Several governments have stepped up efforts to help airlines affected by a coronavirus travel crash, with the United States offering $58 billion in aid, Singapore pledging to keep its fleet running, and Australia by easing competition rules.
AirAsia, the region’s largest budget airline, was the last to announce cuts in its flights in response to the deepening crisis caused by the pandemic and said some units will stop flying altogether for a while.
“No one can survive this for more than a few months, when you have an unprecedented 95% or even 100% decrease in passenger numbers and you have a lot of fixed costs,” said Brendan Sobie, an aviation analyst in Singapore.
In a desperate attempt to preserve some revenue and keep global supply chains operational, Delta Air Lines, Air New Zealand and Etihad Airways of Abu Dhabi joined a list of companies that have turned passenger planes into cargo aircraft.
Approximately half of the world’s air cargo normally travels in the holds of passenger planes, so the cancellation of flights has led to a sharp reduction in cargo capacity, which have negative effects on food and supply chains for the industry.
“For airlines, this is the apocalypse,” said Alexandre de Juniac, director general of the International Air Transport Association (IATA), which represents airlines around the world. “Travel restrictions and evaporation of demand mean that beyond merchandise there is almost no business.”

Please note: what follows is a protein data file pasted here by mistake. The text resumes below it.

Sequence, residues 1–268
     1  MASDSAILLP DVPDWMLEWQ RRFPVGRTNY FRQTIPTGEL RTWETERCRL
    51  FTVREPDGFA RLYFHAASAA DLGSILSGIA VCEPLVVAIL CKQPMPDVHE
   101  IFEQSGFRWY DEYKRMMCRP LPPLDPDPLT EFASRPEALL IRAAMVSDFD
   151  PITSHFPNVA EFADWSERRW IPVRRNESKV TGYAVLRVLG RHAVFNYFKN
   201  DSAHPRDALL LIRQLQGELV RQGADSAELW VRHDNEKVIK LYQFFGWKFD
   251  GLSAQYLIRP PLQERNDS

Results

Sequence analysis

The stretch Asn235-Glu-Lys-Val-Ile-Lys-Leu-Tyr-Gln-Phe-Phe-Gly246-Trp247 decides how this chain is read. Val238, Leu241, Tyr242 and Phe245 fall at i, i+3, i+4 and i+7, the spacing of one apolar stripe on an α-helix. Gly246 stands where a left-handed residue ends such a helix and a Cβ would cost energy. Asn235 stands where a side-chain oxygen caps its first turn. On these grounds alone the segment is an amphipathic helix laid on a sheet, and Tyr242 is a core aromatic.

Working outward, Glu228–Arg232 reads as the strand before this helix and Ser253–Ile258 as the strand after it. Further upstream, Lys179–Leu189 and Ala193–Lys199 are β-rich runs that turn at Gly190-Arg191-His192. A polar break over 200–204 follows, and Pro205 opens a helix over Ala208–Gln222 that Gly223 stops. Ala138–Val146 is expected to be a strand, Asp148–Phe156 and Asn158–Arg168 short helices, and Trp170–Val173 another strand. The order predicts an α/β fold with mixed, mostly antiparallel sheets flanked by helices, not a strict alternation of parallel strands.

In an unprecedented decision, the United States Senate on Wednesday approved a $58 billion aid package, half in the form of grants to cover some 750,000 airline staff salaries. Those who receive funds cannot fire employees before September 30 or change collective bargaining contracts.
The law restricts the repurchase of shares, dividends and executive payments, and allows the government to take shares, guarantees or other compensation as part of the rescue package.
The House of Representatives is expected to approve the measure on Friday, which President Donald Trump promised to enact.
IATA, which estimates that the pandemic will cost the global industry some $252 billion in lost revenue this year, said it had written to 18 countries in the Asia-Pacific region, including India, Japan and South Korea, asking for help.